Document Type


Publication Date



sRNA, small regulatory RNA, Staphylococcus aureus, Staphylococcus epidermidis, Staphylococcus carnosus, transcriptomics, RNA sequencing, RNAseq, genome annotation, comparative genomics, RNA structure

Digital Object Identifier (DOI)


Next-generation sequencing technologies have dramatically increased the rate at which new genomes are sequenced. Accordingly, automated annotation programs have become adept at identifying and annotating protein coding regions, as well as common and conserved RNAs. Additionally, RNAseq techniques have advanced our ability to identify and annotate regulatory RNAs (sRNAs), which remain significantly understudied. Recently, our group catalogued and annotated all previously known and newly identified sRNAs in several Staphylococcus aureus strains. These complete annotation files now serve as tools to compare the sRNA content of S. aureus with other bacterial strains to investigate the conservation of their sRNomes. Accordingly, in this study we performed RNAseq on two staphylococcal species, Staphylococcus epidermidis and Staphylococcus carnosus, identifying 118 and 89 sRNAs in these organisms, respectively. The sRNA contents of all three species were then compared to elucidate their common and species-specific sRNA content, identifying a core set of between 53 and 36 sRNAs encoded in each organism. In addition, we determined that S. aureus has the largest set of unique sRNAs (137) while S. epidermidishas the fewest (25). Finally, we identify a highly conserved sequence and structural motif differentially represented within, yet common to, both S. aureus and S. epidermidis. Collectively, in this study, we uncover the sRNome common to three staphylococcal species, shedding light on sRNAs that are likely to be involved in basic physiological processes common to the genus. More significantly, we have identified species-specific sRNAs that are likely to influence the individual lifestyle and behaviour of these diverse staphylococcal strains.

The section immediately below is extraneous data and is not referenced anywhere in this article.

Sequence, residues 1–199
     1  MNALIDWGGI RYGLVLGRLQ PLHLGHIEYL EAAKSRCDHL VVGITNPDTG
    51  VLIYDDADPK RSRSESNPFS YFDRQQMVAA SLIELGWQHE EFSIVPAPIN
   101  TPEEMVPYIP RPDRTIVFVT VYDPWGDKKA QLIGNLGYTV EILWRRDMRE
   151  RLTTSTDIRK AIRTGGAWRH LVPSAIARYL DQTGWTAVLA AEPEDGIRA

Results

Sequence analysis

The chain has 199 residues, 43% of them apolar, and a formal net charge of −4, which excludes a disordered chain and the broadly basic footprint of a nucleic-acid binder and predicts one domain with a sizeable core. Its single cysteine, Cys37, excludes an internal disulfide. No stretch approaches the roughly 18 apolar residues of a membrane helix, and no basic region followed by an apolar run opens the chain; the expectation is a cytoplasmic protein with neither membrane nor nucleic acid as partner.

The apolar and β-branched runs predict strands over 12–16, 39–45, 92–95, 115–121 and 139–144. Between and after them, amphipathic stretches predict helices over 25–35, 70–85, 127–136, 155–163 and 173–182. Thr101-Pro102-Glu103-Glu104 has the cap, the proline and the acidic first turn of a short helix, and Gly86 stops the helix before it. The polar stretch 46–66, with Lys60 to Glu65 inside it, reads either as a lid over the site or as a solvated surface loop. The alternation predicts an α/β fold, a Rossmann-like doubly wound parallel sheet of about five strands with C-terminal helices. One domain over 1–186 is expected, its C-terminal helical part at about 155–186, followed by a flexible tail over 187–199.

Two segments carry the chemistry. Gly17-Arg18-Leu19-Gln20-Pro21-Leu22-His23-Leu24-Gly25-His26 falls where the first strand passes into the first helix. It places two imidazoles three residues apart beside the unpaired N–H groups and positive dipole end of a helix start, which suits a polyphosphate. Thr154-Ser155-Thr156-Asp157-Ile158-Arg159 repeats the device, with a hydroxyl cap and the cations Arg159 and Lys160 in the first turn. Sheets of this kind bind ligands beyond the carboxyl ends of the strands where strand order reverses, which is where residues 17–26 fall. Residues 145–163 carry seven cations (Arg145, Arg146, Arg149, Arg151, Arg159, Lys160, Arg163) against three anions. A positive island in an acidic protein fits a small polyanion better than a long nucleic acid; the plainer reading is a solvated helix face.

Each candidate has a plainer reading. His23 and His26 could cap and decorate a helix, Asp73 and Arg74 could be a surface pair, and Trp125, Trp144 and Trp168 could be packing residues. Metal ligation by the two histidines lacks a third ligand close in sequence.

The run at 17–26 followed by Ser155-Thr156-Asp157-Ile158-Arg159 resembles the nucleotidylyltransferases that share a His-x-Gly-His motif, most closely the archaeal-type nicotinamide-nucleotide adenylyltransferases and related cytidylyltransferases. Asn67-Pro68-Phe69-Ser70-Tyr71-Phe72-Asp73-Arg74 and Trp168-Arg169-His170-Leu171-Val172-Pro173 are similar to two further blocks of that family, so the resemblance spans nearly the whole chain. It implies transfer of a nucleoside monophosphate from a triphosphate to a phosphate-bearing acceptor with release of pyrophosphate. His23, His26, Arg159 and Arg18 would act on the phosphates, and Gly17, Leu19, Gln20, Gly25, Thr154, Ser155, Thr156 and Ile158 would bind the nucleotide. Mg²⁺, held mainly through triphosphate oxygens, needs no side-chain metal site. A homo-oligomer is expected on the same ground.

Rights Information

Creative Commons License
This work is licensed under a Creative Commons Attribution 4.0 License.

Was this content written or created while at USF?


Citation / Publisher Attribution

Microbial Genomics, v. 2, issue 7, art. mgen.0.000065

000065.pdf (7091 kB)
Supplementary File 1

000065.xlsx (353 kB)
Supplementary File 2